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Silverman: Blackhawks Hope To Rekindle Championship Fire Against Dangerous Bruins

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Corey Crawford. (Credit Getty Images)

Corey Crawford. (Credit Getty Images)

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By Steve Silverman

(CBS) — When last we left the Boston Bruins, they were skating around the TD Garden with a stunned look on their collective faces.

Moments away from forcing a seventh game in the Stanley Cup Final, the Bruins gave up two very memorable goals within 17 seconds of each other that allowed the Chicago Blackhawks to skate around their home ice with the Stanley Cup.

The Bruins haven’t played the Blackhawks since, but they will be in the United Center for a very tasty appetizer on Sunday’s sports menu.

Most of the world will focus on New England at Denver in the AFC championship game and San Francisco at Seattle in the NFC championship game in the hours that follow, but the Bruins and the Blackhawks represent a taste explosion of an appetizer at 11:30 in the morning.

The Blackhawks are second in the Western Conference, but they are coming off a 4-2 victory over Anaheim Friday night. That win provided a lot of relief in the Blackhawks’ lockerroom because the Ducks have been the NHL’s best team – record-wise – this year.

There’s really very little wrong with the Blackhawks other than an inability to close out overtime games and a faulty penalty kill.

They are in good shape as far as the remainder of the regular season is concerned, and they appear to have a strong chance of representing their conference in the Stanley Cup Final again, although Anaheim, Los Angeles and St. Louis will push them hard.

The Bruins are not the same team that challenged the Blackhawks last year. Their record is solid and they have been atop the Atlantic Division most of the season, but this team that has been rooted in defensive fundamentals was recently rocked by an injury to perhaps its most underrated performer.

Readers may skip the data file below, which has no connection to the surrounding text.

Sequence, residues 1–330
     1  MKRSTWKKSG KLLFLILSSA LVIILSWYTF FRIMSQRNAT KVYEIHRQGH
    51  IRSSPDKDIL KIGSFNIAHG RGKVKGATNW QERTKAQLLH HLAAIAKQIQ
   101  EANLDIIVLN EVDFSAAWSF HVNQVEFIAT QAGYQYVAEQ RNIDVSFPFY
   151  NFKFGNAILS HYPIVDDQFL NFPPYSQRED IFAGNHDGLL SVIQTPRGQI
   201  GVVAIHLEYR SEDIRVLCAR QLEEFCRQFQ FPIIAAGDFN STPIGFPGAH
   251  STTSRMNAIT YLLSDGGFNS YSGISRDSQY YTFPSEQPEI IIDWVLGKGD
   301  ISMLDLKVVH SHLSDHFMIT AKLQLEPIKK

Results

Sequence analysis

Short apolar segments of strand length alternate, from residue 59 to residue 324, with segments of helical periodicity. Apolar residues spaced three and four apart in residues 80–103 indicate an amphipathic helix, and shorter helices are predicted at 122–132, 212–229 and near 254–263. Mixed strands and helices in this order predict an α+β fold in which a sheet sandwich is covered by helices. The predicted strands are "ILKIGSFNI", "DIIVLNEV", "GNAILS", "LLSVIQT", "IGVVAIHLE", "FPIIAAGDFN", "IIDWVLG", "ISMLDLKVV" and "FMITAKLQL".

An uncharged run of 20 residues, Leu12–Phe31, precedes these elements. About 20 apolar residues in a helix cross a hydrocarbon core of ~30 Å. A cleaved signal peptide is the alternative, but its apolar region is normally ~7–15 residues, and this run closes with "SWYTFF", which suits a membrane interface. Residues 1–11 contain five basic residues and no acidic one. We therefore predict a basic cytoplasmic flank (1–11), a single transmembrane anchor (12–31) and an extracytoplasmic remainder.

The Bruins have been led by defenseman Zdeno Chara and center Patrice Bergeron for years. Chara has plenty of support on the blue line from Johnny Boychuk, Adam McQuaid, Dougie Hamilton and sharp-shooting Torey Krug.

However, he usually gets most of his support from Dennis Seidenberg. During the regular season, Seidenberg and Chara usually follow each other on the ice and the two often play 45 of the game’s 60 minutes. During the playoffs, Boston head coach Claude Julien often plays them together and they may be the game’s premier shutdown pair. (Although Jonathan Toews took them apart in the final three games of the Stanley Cup Final.)

Seidenberg is no longer available. He tore his ACL when the Bruins returned from their Christmas break and he is done for the season.

Since his injury, the Bruins’ once-superb penalty kill has gone to pot. They have been given up 11 power play goals in the nine games Seidenberg has missed, and they are no longer playing aggressively when down a man.

They were eviscerated by the New York Islanders Dec. 31 when they gave up four power plays goals and the Kings followed Jan 9 with three power play goals. The Islanders and Kings rank 14th and 26th, respectively, on the power play.

The Bruins desperately miss their German Hammer, and if general manager Peter Chiarelli can’t find an adequate replacement, it’s going to be difficult for them to get back to championship-contending form.

The rest of the Bruins team is similar to the one that was here in June. Julien rolls out four lines throughout the game. That often allows their top two lines to be fresher than their opponents’ in the third period.

That was demonstrated in their 4-2 victory at Dallas earlier this week, when Milan Lucic, Brad Marchand and Patrice Bergeron scored third period goals that allowed them to win that road game. If all four lines can hold their own for two periods, the Bruins are usually going to have the advantage in the third period.

Most regular-season games pass without much fanfare, because there’s always another game coming up two or three days later.

However, the Blackhawks needed to find out where they stood against the Ducks, and they need to find out where they stand against last year’s finalists.

The Blackhawks passed the first part of the test in impressive fashion. They need to do the same thing in the second part of the exam.

Follow Steve on Twitter (@profootballboy) and read more of his columns here.

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